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Breaking the silence: men's mental health and stigma
On Sunday 19 November we recognised International Men’s Day – this year’s theme was ‘Zero Male Suicide’ which highlights the importance of helping men and boys to manage their mental health.
The traditional expectations of what it means to “be a man” have led to a culture of silence around men’s mental and emotional well-being. We have come a long way in addressing the stigma and breaking the silence however challenges still exist.
Mental health conditions are more common than people may think. 45 per cent of Australians aged 16-85 have, at some point in life experienced a mental illness and the rate of mental health disorders between men and women are fairly evenly split.
Yet, data shows that men only account for 40% of Medicare-subsidised mental health services in Australia.
As selectability’s Chief Operating Officer, Aaron Farrell, explains the expectation that men should be tough and resilient can lead to a reluctance to talk to others about struggles or seek professional help.
“The pressure to appear strong can be especially damaging as it stops men from seeking the support they need,” said Aaron
”A fear of being judged, being thought of as being weak or less of a man if they express their emotions or admit to mental health challenges is also a common barrier. .
Breaking the stigma surrounding men's mental health is crucial. We all have a role to play in supporting men to seek help if they are having challenges with their mental health.
This can be done in a variety of ways:
Have open conversations
Encourage open and honest conversations about mental health without judgment or ridicule. Educational programs, workshops, workplace discussions, and community led programs can contribute to destigmatising of mental health challenges.
Challenge gender stereotypes
Men have emotions and it is important to allow them the opportunity to express these in a safe and non-judgmental environment.
“Men need to be encouraged to express emotions and understand that this is a sign of strength, not weakness, and are encouraged to access professional mental health services when required.”
Role models in the media
When well-known public figures, such as athletes, actors ,share their personal stories about mental health challenges, it helps reduce stigma and encourages others to seek help.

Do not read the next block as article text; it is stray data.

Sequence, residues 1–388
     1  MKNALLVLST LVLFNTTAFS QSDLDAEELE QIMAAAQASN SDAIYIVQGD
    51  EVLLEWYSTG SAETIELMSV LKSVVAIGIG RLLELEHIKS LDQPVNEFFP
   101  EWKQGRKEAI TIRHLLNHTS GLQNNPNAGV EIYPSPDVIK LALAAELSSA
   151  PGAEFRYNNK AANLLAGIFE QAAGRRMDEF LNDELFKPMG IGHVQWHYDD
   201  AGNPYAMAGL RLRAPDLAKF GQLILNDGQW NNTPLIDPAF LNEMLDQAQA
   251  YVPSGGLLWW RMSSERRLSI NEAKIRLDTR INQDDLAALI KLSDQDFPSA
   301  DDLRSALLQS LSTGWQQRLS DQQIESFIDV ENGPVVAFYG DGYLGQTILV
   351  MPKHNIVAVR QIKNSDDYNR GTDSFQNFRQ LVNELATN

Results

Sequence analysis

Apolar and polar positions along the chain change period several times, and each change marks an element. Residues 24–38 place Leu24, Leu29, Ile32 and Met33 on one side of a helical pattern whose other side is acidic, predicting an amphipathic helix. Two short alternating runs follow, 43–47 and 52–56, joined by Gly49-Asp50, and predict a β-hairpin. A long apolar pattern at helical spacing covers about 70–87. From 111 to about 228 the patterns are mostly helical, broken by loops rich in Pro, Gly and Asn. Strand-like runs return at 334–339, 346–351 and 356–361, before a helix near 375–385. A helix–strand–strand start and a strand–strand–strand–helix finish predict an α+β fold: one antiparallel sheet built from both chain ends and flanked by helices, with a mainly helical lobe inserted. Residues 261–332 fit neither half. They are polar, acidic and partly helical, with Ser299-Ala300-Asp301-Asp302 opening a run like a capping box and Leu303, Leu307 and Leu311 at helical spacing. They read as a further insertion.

Accessible mental health services
Mental health services should be easily accessible and affordable, providing a safe space for men to seek help without judgment.
“selectability’s programs and services like the Mental Health Hub, Clubhouses, BikeShed, and Well Man aim to provide regional Queenslanders with a range of support options and tailored to community needs,” said Aaron
Encourage the development of structured men’s mental health support networks both in-person and online, where men can share their experiences and receive guidance and support.
Breaking the silence surrounding men's mental health is essential for fostering a more compassionate and understanding society.
Men should be encouraged to express their emotions and seek help when needed, without fear of judgment or ridicule.
“By challenging traditional gender stereotypes and fostering open dialogue about mental health, we can provide men with the support they need to live healthier and happier lives,” said Aaron.
To find out more about the services selectability provides to support the men’s mental health in regional Queensland, please visit https://www.selectability.com.au/ or download our resources from Well Man - Improving mental, physical & social wellbeing of men
Help is available
If you or someone you care about is in immediate need of support, please contact:
- Suicide Call Back Service 1300 659 467
- Lifeline 13 11 14
- Kids Helpline 1800 551 800
- Standby - Support After Suicide 0438 648 268
selectability acknowledges the Traditional Owners of the land on which we provide services and pay our respects to Elders past, present and emerging. We acknowledge those with lived experience and those who support and partner with us to improve mental wellbeing and prevent suicide across regional Queensland.